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"There are only so many pieces of the pie," Sadler said. "I know Dario and Hornish got a lot of hype and I think both are with two really good race teams. And they both have a pretty good advantage over my teammate [Patrick Carpentier], where they're both locked in the top 35 the first five races. That helps them for the Rookie of the Year and helps them for the top 35.

"Sam had some problems in the first couple of races -- maybe wrecking a little bit and not finishing. We've been trying to talk to Patrick about it -- run every lap, run every race you can, run every lap you can, every mile you can -- just try and be there in the end. That's something that Dario and Sam are struggling with -- if they ever get on the outside after Bristol, I think that it's going to be tough for those guys to get back in."

The task gets even more difficult for Franchitti, who hasn't really raced his way into the top 30 this season -- with three finishes of 33rd and a best finish of 32nd at California.

If either driver misses the top 35, it may begin a string of races where they fail to qualify for the starting lineup, casting a dubious shadow on their decision to leave IndyCar for NASCAR.

"Ah, it is what it is," Franchitti said. "We just do our best. If we're out, we're out. We'll just have to do qualifying performances like we did on Friday night. If we end up out of it, we'll work our way back in. Nothing else we can do.

"Bristol is going to be wild. In one way I'm looking forward to it and we'll see what happens."


The so-called All-American sport of NASCAR Sprint Cup racing now has a Japanese nameplate in Victory Lane after Kyle Busch drove a Toyota Camry to victory in Sunday's Kobalt Tools 500 at Atlanta Motor Speedway.

It's the first time since 1954 -- when All Keller drove a Jaguar to victory at Linden, N.J. -- that a car with a heritage from outside of the United States has won in NASCAR's top division.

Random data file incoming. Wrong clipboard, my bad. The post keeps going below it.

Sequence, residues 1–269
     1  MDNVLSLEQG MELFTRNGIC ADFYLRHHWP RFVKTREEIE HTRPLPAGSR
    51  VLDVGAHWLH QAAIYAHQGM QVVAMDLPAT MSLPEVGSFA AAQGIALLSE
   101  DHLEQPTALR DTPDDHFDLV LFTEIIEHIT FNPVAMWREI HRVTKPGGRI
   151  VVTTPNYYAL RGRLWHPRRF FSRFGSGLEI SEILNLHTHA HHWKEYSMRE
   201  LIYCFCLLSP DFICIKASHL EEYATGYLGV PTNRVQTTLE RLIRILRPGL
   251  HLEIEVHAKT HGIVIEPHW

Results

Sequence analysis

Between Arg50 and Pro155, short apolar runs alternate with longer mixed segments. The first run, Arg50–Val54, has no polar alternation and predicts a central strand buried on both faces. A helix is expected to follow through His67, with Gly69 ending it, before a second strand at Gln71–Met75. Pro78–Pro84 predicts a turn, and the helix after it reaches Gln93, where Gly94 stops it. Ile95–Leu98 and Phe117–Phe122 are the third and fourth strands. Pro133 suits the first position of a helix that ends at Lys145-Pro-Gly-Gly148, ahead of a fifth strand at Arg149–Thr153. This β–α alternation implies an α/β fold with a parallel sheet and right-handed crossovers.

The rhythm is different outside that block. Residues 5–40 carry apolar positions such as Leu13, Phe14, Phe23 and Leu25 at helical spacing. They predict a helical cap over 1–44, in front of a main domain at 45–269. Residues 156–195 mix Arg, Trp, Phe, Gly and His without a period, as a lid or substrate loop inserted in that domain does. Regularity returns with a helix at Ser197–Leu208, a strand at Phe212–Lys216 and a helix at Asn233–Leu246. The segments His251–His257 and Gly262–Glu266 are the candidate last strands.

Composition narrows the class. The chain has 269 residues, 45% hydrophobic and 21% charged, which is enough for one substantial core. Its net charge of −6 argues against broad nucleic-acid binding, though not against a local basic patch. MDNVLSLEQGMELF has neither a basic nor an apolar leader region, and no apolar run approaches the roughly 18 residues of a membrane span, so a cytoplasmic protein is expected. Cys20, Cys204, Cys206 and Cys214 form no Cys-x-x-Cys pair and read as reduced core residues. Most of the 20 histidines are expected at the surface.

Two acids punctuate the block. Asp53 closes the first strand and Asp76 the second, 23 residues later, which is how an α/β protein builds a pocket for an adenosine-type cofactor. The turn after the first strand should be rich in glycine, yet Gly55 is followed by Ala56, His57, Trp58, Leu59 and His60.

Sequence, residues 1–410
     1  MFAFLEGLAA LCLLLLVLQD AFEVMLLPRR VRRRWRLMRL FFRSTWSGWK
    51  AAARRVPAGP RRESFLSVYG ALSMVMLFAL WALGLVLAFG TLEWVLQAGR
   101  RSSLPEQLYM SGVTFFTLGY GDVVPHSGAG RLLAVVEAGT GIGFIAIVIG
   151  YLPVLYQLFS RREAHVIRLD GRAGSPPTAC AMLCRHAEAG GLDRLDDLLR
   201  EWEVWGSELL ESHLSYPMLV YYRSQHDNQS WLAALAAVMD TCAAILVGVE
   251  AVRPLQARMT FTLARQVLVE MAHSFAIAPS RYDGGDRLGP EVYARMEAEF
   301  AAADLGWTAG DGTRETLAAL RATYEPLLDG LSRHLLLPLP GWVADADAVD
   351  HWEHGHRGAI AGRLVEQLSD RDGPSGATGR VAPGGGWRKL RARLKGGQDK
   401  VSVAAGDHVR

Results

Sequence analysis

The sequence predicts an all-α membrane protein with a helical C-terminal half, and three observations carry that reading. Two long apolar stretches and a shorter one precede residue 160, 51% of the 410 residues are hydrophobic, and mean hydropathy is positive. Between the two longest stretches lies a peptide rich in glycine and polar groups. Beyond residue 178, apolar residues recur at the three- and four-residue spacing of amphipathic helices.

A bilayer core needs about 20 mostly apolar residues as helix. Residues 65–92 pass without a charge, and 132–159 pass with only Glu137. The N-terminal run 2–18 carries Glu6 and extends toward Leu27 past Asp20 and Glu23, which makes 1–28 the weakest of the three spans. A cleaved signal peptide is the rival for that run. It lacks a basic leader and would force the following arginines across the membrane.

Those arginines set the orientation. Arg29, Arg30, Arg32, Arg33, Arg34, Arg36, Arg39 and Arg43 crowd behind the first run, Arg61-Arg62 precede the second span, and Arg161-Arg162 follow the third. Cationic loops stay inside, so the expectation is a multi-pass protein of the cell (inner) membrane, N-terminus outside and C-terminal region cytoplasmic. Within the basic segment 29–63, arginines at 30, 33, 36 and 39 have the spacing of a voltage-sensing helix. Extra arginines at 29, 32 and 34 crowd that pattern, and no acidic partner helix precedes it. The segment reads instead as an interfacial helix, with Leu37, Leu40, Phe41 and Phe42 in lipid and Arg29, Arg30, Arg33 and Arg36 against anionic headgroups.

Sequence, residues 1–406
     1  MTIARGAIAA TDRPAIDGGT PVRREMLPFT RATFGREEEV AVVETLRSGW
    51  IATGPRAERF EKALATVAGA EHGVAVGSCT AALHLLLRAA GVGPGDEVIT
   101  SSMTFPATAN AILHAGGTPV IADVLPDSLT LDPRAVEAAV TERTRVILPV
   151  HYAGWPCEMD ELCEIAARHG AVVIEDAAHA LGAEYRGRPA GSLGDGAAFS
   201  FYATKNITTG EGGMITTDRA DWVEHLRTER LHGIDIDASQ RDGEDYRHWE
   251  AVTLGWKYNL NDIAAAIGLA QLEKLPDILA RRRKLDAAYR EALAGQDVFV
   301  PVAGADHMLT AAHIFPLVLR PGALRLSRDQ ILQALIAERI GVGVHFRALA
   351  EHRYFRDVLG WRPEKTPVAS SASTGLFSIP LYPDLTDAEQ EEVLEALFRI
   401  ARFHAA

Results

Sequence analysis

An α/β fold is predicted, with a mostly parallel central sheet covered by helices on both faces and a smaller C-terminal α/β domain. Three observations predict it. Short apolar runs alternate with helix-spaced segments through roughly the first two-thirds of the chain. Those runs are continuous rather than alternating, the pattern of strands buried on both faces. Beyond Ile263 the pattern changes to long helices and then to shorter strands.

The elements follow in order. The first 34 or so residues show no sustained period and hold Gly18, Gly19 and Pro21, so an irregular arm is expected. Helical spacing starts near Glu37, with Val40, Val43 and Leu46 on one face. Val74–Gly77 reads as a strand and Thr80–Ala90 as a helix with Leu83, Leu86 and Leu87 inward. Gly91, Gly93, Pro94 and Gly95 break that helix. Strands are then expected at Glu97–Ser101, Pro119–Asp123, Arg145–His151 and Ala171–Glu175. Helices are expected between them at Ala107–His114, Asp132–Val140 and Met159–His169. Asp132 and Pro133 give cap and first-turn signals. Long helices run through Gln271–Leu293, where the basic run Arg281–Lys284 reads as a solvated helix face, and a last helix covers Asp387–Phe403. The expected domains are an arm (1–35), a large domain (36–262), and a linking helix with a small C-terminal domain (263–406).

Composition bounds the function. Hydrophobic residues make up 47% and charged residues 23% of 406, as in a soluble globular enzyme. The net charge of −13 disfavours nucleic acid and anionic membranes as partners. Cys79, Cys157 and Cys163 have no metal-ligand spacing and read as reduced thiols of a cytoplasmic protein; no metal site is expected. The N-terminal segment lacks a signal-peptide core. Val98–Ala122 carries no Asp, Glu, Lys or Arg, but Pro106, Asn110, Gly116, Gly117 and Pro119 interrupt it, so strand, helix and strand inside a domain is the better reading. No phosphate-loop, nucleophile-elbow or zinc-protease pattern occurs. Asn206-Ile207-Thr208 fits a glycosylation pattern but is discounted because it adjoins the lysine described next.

Busch's Toyota defeated Joe Gibbs Racing teammate Tony Stewart by 2.066 seconds with Dale Earnhardt Jr.'s Chevrolet third, followed by Roush Fenway driver Greg Biffle's Ford and Jeff Gordon's Chevrolet.

Jim Aust, who is retiring as vice president of motorsports for Toyota Motor Sales, USA and president/CEO of TRD finally has something tangible to show validating the decision to come to NASCAR. But it wasn't until Toyota added the powerful Joe Gibbs Racing team to its lineup for the 2008 season that the auto maker had a legitimate shot at scoring a race victory in NASCAR's premier series.

With Busch behind the wheel for a JGR Toyota Camry, he has been close to winning at Daytona, California and Las Vegas before finally finding the path to victory lane at Atlanta.

"Kyle has been very close ever since the beginning of this year," Aust said. "Starting with the Daytona 500 and what could have been. To have Kyle come in and take this one and Tony Stewart finish second -- wow -- the feeling can't get any better than that.

Aust, who retires in July, believes Sunday's win is the first of many more to come this season.

"I said all along from the very beginning that I thought the number was somewhere in the area of eight, so I'm going to stick to that and hope my prediction comes through," Aust said. "With a guy like the coach [Joe Gibbs] here running this thing and J.D. Gibbs, who knows what the rest of the season is going to bring for us?

"This is a fabulous day for Toyota to win in this prestigious series. It is just a fabulous feeling. We are just feeling really great about the whole decision to move into the Cup Series."